Backed out of the market?

Jamaal Charles and Arian Foster prove that spending a high draft pick on an RB is unnecessary. Getty Images, US Presswire

A quick look at the top rushers in the NFL won't help the people who claim that taking running backs high in the NFL draft is still good business.

Arian Foster leads the league in rushing after going undrafted, and Jamaal Charles, the NFL's second-leading rusher, fell to the third round in the 2008 draft with plenty of questions about his size. Look further and you get another indication of why GMs might be hesitant to use an early pick on a running back. Foster got his chance because of a series of injuries and the inability of other Houston backs to gain the trust of coaches due to fumbling issues. Charles is second in rushing yards, but he's still part of a tandem -- his 161 carries aren't just a light total, they're a full 15 fewer than teammate Thomas Jones, who has a not-so-shabby 712 yards himself.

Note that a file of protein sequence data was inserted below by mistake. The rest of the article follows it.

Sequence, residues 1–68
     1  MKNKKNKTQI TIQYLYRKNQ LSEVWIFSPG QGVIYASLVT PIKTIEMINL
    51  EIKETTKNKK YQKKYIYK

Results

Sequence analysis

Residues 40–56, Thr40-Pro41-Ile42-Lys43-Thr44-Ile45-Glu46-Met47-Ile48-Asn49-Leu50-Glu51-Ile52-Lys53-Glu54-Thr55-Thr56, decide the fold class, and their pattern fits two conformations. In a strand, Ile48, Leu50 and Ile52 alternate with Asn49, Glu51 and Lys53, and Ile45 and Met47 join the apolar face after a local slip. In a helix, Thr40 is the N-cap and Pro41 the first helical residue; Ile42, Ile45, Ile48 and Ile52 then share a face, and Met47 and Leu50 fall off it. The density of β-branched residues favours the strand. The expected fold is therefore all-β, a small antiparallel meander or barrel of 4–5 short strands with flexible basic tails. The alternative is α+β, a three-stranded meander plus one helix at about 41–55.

And while most evaluators agree that no position in the NFL is more likely to produce immediate dividends -- you're just as likely to get good results from a rookie RB as a fifth-year pro -- the early picks in 2010 haven't done much. C.J. Spiller to Buffalo at No. 9, and Ryan Mathews to San Diego at No. 12 (after a trade up) are both picks where the jury will be out well into next year.

But has the market truly shifted? Are running backs truly valued at a lower rate than they used to be? And is the fact that I have just one RB on the current Big Board a reflection of that?